Again, the study was fairly straightforward here. The researchers used Winstar Han rats as their animal model. The LNP formulation used was the LNP8 formulation from the prior study. It’s also the same formulation deployed in the Pfizer/BioNTech vaccines. Inactive luciferase mRNA was used instead of spike mRNA.
First, the researchers wanted to see what level of LNP would be tolerable to the rats so 21 male Winstar rats were provided the equivalent of 100 ug mRNA LNPs. However, the high number of adverse reactions caused the researchers to use a lower dose:
Although the toxicity could be attributed to LNPs the possibility of acute radiation poisoning should not be discounted. Nonetheless, half the dosage was used in these studies (50 ug mRNA LNPs).
A total of 42 rats were used in this study (21 male and 21 female). The rats were then subdivided into 7 different time points with 3 rats per timeframe- this is important to discuss later. Rats were injected with 50 ug mRNA LNPs intramuscularly. At specific time points rats were sacrificed and tissues, organs, and blood/plasma were collected and examined for radioactivity.
Injection Site Results
Looking at the results we’ll start to notice some concerning standout data:
For the males you can see a somewhat consistent increase in radioactivity within the injection site up to hour 4. However, for the female rats the values are far too inconsistent. You can see that hours 1, 2 8, and 24 show the highest level of radioactivity within these animals.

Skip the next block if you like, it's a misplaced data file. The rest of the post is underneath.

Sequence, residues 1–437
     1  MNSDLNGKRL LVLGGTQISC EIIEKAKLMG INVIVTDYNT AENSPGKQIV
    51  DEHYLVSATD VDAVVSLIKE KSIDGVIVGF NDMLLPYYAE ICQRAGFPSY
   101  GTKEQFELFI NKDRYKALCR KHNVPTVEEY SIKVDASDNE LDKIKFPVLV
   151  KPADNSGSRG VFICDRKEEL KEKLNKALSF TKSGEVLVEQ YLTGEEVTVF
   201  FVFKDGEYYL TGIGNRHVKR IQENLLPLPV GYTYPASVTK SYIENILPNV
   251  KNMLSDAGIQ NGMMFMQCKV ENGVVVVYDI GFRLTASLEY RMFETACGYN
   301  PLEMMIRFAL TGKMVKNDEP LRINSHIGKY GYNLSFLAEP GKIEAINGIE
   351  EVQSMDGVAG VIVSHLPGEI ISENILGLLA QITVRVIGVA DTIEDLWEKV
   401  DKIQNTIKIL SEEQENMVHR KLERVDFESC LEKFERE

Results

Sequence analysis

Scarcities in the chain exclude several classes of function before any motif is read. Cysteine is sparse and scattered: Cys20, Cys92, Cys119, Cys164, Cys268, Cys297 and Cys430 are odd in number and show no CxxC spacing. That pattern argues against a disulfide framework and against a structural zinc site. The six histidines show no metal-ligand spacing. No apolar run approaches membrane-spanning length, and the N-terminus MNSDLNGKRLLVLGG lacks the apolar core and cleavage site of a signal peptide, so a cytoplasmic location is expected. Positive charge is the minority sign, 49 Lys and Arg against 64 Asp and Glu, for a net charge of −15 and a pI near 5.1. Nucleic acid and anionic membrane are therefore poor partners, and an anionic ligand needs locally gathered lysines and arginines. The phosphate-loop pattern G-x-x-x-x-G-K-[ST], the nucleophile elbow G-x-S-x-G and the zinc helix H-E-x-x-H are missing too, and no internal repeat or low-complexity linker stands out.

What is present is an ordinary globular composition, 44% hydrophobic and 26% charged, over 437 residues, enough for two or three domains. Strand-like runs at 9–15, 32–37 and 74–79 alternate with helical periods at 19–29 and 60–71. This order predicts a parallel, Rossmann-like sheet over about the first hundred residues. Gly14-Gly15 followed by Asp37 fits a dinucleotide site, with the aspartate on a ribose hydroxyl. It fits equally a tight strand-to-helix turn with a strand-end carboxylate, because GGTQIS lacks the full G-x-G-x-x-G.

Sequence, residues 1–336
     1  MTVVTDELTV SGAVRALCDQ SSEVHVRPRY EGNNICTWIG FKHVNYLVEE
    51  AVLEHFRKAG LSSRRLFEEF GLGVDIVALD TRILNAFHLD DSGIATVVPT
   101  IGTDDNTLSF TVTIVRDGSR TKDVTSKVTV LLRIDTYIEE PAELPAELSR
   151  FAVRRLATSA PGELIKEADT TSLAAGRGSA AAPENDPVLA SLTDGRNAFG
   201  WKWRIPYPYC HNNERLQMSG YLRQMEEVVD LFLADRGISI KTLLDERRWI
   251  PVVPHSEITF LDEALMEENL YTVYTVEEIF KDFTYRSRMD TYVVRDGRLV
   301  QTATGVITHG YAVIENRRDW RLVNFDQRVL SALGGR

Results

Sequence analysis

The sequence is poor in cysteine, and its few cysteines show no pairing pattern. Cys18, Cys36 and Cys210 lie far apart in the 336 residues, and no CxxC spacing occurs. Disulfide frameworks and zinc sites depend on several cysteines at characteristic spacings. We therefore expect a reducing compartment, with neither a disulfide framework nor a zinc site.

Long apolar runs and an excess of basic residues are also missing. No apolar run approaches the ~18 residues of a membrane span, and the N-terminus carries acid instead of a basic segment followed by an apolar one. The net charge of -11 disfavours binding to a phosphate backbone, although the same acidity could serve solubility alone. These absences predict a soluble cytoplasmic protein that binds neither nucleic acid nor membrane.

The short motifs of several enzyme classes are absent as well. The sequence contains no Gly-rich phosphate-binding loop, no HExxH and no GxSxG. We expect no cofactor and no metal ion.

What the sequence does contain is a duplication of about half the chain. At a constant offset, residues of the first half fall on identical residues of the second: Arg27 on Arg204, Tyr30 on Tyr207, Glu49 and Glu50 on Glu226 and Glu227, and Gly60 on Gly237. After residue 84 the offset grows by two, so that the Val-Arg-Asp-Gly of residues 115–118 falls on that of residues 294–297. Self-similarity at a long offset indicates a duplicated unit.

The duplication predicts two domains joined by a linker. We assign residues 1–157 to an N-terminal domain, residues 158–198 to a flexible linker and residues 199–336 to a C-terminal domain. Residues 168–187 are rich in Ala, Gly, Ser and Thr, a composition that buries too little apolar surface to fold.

Why are these results so inconsistent? We have to remember that the rats needed to be sacrificed in order to collect their tissues and examine radioactivity. That means that at each time point a different set of triplet rats were sacrificed. Essentially, measurements from different rats were used to compare.
Although this may be a typical methodology for this type of study, the big issue here is that individual differences in pharmacokinetics and other variables mean that each cohort could vary greatly from one another. The distribution of each LNP in each rat may not be consistent, such that mice used in the 2 hour cohort may have a widely different distribution of LNP compared to the rats used in the hour 8 cohort. This is likely why the female data is so inconsistent.
This also creates problems with possible sex-dependent biodistribution pathways. You’ll notice that the researchers indicate that increases within the injection site occurred up to 4 hours post injection, yet this is only possible if the researchers only reference the male rats. It’s made even worse when you realize that one of the the lowest levels of radioactivity measured in female rats occurred at the same timepoint that the male rats had the highest levels.
With such inconsistent data, why was this not addressed by the researchers? Clearly the timed cohorts are difficult to compare, and the differences between the sex cohorts are even more egregious. The idea that such a drastically different value was not addressed is extremely concerning. I would argue this means that many of the other values are difficult to evaluate.
We have to also keep in mind that, unlike luciferase expression which depends upon the translation of luciferase and luciferin breakdown, there’s no real way of hiding radioactivity. That means that there really should be no reason for the radioactive levels within the female rats to have drastically dropped and spiked back up again. Again, the inconsistency should really be called out here.
The researchers do provide a reason why this may have occurred, although this explanation is actually makes me more concerned about the protocols used in this study: